It is quite obvious that Mr. Andrew Mack does not logically understand that if a process was flawed and irregular, the outcome would be absolutely dubious, will not stand to scrutiny, and cannot be vouched for. Nevertheless, amidst all these short-comings and irregularities, Mr. Andrew Mack still advances the notion that "we should move on" by sweeping all these wrongdoings under the carpet. Where is Accountability? Where is Transparency? Where is Probity?
We find it rather troubling that at a time that the Global Internet Community remains seriously concerned and challenged about ICANN's accountability improvements; and as such concerns have also become inextricably tied to the process of transitioning the IANA technical functions to the Global Multi-stakeholder Community; that wholesale accountability problems that have been uncovered by the DCA vs. ICANN IRP are now being made to look inconsequential by an ethically-challenged 'self-styled pundit'.
Apparent contradictions notwithstanding, we think that Andrew Mack was intellectually dishonest in his analysis. On one hand Andrew Mack thinks that 'ICANN needs more accountability', but his established bias against DCA Trust also makes him to think that 'ICANN's policy should be followed'. At what stage did Andrew Mack forget that DCA's decision to invoke an IRP under ICANN's accountability mechanism was because ICANN failed to follow its set policy as stated in the new gTLD Guidebook; and the principles enshrined in ICANN's Bylaws and Articles of Incorporation?
Again, Andrew Mack also posited that the biggest procedural error lies in "ICANN's simple inability to follow its own policy", and forgot that it was for this very reason, amongst others, that caused ICANN to lose the DCA vs. ICANN IRP, when the Panel ruled that ICANN broke its Bylaws and Articles of Incorporation, thereby making DotConnectAfrica Trust the prevailing party.
With these types of half-baked opinions, one wonders what type of advice Andrew Mack gives to his clients as the 'principal' of AMGlobal Consulting, a company that works "extensively in Africa".
DCA Trust believes that the only end to this controversy is not to "move on" as Andrew Mack has counseled so naively, but for further investigations to be conducted to identify the real culprits who were complicit in this fiasco, and for such individuals to be held accountable. We think that wrong-doing must be punished, and there should be severe penalties for ICANN as the guilty party in the recently decided IRP.
Moreover, it is also our firm belief that ZACR — as the apparent beneficiary of ICANN's wrong-doing — should be removed completely from the new gTLD Program. ICANN could not have legitimately delegated the .Africa new gTLD string to ZACR at the same time that ICANN was busy breaking its own Bylaws and Articles of Incorporation. The delegation of .Africa to ZACR under a putative new gTLD Registry Agreement that was signed between ICANN and ZACR at a time that ICANN was committing many violations remains legally problematic.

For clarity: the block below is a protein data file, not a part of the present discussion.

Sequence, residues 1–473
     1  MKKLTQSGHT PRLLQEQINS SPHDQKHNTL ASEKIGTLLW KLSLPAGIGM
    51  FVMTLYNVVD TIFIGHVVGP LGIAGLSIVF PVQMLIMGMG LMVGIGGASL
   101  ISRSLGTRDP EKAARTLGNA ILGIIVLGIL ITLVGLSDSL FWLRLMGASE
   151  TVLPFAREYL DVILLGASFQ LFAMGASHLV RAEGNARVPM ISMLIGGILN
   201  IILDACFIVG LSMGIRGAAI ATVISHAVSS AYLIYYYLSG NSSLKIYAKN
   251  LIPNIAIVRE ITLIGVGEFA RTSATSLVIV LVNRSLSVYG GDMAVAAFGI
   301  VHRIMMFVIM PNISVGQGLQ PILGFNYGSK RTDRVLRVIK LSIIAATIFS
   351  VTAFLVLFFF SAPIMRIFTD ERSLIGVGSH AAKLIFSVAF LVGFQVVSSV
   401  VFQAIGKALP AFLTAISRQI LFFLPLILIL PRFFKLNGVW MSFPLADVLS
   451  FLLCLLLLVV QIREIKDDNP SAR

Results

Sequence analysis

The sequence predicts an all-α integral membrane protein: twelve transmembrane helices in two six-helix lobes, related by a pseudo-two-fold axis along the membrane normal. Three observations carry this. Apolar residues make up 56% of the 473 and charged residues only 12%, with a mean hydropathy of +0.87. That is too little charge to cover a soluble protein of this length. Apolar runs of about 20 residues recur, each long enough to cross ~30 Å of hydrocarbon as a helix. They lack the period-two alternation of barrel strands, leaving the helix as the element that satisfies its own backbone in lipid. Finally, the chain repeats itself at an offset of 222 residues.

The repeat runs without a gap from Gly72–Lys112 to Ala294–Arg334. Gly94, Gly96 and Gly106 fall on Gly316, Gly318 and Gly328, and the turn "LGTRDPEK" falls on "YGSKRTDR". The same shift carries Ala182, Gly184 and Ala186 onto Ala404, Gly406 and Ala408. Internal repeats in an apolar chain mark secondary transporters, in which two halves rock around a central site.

On a day that President Barack Obama told a gathering at the African Union Commission headquarters in Addis Ababa, Ethiopia that Africa should put an end to "the cancer of corruption", is it not poetic justice of some sort that .Africa, a new gTLD string that Is associated with the continent that is frequently criticized for poor governance and corruption, is now being used as a test case for demonstrating ICANN's accountability failures?
DCA Trust has always maintained that it is acting based on strong moral convictions, and that truth and justice will ultimately prevail whilst its detractors will encounter failure at their sentinel. These predications have all come to pass, and this possibly explains the level of frustration that Mr. Andrew Mack and his cohort are now feeling in the matter of .Africa new gTLD.
Andrew Mack tried to suggest in a 2012 posting that the DotAfrica application somehow has something to do with the ICANN Africa Strategy. In his article he stated inter alia: "You could also see it in the tremendous enthusiasm for the AUC-endorsed dotAfrica (.africa) application, which has become a real a (sic) focal point of an emerging "African Agenda".
To Andrew Mack's chagrin, the African Agenda was never accepted by ICANN, and the same excessive amounts of political and vested group pressures that had been put on ICANN to present the .Africa new gTLD name string as a 'commitment gift' to the African Internet community is what ultimately led to ICANN's accountability failures regarding .Africa.
Andrew Mack's advocacy on behalf of ZACR can now be dismissed as partisan posturing by another one of those bogus pretenders who claim to 'know Africa' very well: "I spoke at the DNS Africa event in Nairobi; I can confirm that there is interest in .Africa, blah blah blah...!"
By Sophia Bekele, CEO of DotConnectAfrica. Ms. Bekele is a former ICANN generic Names Supporting Organization (gNSO) Council policy advisor & contributed to policy over the new gTLD programme & IDNs. She was also policy advisor to various UN Agencies on ICTs. Founder and spearhead of the Yes2DotAfrica campaign. Bekele is a business and corporate executive, an international entrepreneur, a thought leader in Corporate and ICT Governance, international policy, Business Strategy, Internet, ICT & development. Her Profiles on sophiabekele.com / wikipedia.